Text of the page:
President Donald Trump has not yet made a decision about closing the southern border, the head of the National Economic Council said on Wednesday, but he said he and other top advisers had raised serious concerns about the potential economic impact and were proposing that commercial trade be allowed to continue.
"I don't know if this is going to happen, the president will give his views today or as the days go by, but anything we can do to ameliorate the economy story we will do," Larry Kudlow said. "It's being looked at very, very carefully."
Last week, the president threatened to close either parts or all of the southern border and on Wednesday morning, continued to put pressure on Congress to take legislative action to "eliminate the loopholes" at the border.
"Congress must get together and immediately eliminate the loopholes at the Border! If no action, Border, or large sections of Border, will close. This is a National Emergency!" Trump tweeted.
If the president decides to close the border, Kudlow said he has been in touch with top administration officials about how to mitigate the potentially costly damage to the economy. One suggestion Kudlow made was closing lanes of transportation for travel, but keeping freight lanes open to cut down on commercial supply-chain disruption.
"I've talked to various officials and DHS and others who are more knowledgeable than I, and that is possible."
Kudlow acknowledged that both he and Kevin Hassett, Chairman of the Council of Economic Advisers, have advised the president on the economic impact of closing the border. On Tuesday, the president said that border security is more important to him than trade.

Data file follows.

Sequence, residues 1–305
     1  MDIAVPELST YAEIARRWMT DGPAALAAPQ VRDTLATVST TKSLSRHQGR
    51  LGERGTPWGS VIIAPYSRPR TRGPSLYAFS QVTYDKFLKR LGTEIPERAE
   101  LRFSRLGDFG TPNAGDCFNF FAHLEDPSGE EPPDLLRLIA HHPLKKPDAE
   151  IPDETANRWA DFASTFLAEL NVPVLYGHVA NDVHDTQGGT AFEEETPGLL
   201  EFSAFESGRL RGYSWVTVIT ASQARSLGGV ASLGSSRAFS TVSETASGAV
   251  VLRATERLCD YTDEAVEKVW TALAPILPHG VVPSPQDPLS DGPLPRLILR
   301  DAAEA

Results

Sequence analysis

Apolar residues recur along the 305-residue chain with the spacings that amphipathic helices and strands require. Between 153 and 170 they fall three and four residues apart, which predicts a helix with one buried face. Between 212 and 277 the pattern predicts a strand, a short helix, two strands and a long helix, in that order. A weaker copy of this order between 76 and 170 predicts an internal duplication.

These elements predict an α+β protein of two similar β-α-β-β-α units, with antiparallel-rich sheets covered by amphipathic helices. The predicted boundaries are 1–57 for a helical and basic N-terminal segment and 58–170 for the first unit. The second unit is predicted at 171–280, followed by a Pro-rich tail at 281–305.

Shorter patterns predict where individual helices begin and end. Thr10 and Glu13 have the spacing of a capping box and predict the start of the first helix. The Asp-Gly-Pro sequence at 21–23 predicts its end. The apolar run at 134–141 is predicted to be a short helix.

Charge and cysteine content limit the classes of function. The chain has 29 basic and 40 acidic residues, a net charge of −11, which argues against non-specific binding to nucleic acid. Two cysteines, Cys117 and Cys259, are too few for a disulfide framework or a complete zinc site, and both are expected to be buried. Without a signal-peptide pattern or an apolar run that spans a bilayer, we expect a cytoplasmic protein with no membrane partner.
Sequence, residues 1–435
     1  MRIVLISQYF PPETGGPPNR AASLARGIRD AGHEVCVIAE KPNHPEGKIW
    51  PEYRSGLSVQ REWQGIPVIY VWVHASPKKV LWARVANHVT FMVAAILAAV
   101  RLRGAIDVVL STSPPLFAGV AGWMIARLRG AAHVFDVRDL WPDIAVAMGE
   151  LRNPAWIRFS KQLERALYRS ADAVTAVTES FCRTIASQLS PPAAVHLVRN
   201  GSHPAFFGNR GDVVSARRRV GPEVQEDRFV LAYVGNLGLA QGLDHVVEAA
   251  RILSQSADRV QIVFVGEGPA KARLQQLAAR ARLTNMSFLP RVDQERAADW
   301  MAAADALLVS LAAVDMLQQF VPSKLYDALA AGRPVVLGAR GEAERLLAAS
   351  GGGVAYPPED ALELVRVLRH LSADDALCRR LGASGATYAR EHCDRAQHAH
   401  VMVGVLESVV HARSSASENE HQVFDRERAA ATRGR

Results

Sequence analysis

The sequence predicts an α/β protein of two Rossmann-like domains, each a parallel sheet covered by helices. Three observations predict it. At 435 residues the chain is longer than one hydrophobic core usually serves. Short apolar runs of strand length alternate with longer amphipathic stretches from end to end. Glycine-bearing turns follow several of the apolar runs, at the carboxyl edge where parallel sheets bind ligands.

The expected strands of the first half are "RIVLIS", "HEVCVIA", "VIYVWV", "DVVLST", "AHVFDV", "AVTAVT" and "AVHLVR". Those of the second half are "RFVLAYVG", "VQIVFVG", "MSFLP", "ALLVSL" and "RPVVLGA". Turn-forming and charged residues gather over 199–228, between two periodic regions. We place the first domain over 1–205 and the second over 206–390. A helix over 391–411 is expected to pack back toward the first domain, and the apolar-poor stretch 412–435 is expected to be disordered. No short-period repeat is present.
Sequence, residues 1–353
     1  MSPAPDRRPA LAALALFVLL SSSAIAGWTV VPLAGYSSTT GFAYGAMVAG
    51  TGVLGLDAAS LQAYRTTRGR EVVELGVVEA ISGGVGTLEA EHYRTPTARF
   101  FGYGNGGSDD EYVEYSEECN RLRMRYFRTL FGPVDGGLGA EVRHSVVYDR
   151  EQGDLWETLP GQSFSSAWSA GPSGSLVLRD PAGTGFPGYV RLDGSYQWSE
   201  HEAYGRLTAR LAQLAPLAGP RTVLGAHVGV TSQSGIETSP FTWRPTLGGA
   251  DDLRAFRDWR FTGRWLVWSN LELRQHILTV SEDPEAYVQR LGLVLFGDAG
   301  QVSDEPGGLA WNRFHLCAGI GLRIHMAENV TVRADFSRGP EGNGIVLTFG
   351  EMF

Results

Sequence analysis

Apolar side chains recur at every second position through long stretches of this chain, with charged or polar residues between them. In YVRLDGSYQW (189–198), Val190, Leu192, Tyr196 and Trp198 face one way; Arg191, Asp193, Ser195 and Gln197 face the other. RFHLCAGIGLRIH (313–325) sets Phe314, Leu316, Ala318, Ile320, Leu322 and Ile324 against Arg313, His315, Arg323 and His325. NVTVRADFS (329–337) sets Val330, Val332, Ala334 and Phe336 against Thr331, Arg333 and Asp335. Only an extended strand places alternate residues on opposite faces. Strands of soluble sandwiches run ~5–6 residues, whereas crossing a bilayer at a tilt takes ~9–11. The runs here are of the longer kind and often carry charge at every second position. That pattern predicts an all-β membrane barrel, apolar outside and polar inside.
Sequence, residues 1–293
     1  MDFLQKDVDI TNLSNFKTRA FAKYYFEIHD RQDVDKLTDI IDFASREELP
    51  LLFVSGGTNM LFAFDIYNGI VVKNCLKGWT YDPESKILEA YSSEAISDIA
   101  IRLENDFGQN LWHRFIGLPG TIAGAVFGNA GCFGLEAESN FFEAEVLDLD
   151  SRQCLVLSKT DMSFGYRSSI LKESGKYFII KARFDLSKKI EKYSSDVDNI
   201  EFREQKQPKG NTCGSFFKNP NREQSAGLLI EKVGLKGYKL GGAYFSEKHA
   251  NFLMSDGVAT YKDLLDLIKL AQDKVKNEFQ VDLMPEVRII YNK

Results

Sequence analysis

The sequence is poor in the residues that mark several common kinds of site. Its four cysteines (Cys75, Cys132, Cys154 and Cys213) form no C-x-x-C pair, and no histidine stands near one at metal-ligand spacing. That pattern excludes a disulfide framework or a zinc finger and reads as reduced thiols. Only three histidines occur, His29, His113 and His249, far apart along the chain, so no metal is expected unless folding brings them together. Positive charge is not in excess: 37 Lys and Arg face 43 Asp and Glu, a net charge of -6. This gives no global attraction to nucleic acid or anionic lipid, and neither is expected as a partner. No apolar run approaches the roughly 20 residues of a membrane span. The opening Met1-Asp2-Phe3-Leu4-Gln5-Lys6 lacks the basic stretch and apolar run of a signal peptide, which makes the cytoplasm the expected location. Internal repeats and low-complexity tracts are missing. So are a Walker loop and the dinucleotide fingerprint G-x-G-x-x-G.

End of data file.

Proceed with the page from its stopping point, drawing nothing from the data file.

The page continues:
"Trading is very important. The borders are very important. But security is what is the most important," Trump said on Tuesday in the Oval Office with NATO Secretary-General Jens Stoltenberg.
"All you hear me talking about is trade, but let me just give you a little secret -- security is more important to me than trade. So we're going to have a slower border or a closed border."
A chorus of Republicans, including Senate Majority Leader Mitch McConnell, and industry leaders such as the U.S. Chamber of Commerce, have warned the president against shutting down the border.
"Closing the U.S.-Mexico border would inflict severe economic harm on American families, workers, farmers, and manufacturers across the United States," Neil Bradley, chief policy officer of the U.S. Chamber of Commerce said in a statement on Wednesday.
"U.S. trade with Mexico exceeds $1.7 billion daily, and nearly half a million people legally cross the southern border every day as workers, students, shoppers, and tourists. Even threatening to close the border to legitimate commerce and travel creates a degree of economic uncertainty that risks compromising the very gains in growth and productivity that policies of the Trump Administration have helped achieve."
But while Kudlow said the president is correct to be sounding the alarm about immigration, he wouldn't agree with the president that security is more important than trade.
"I think they're both essential," Kudlow said when asked about the president's comments. "I fully support him and his efforts to try to solve this border crisis and the issue of border security is not an easy thing to do ...if you could wave the magic wand, you just need immigration reform."
Both the president and White House press secretary Sarah Sanders said that Mexico has stepped up and has made serious efforts to decrease migration across the U.S. - Mexico border.
"They have started to do a significant amount more, we've seen them take a larger number of individuals and hold in Mexico that have asylum claims while they wait to be processed in the United States," Sanders said. "We've also seen them stop more people from coming across the border so that they aren't even entering into the United States."
At a press conference on Wednesday, the president of Mexico, Andres Manuel Lopez Obrador, dodged a question about whether or not Mexico was actually increasing detentions of Central American migrants at the border but struck an optimistic tone that Trump would not actually shut down the border.
"We are acting very prudently. And we are looking for the law to be respected and we are doing very well," Lopez Obrador said. "I'm not pessimistic, I'm optimistic, I think things are going to work out."
ABC News' Kirit Radia contributed to this report.
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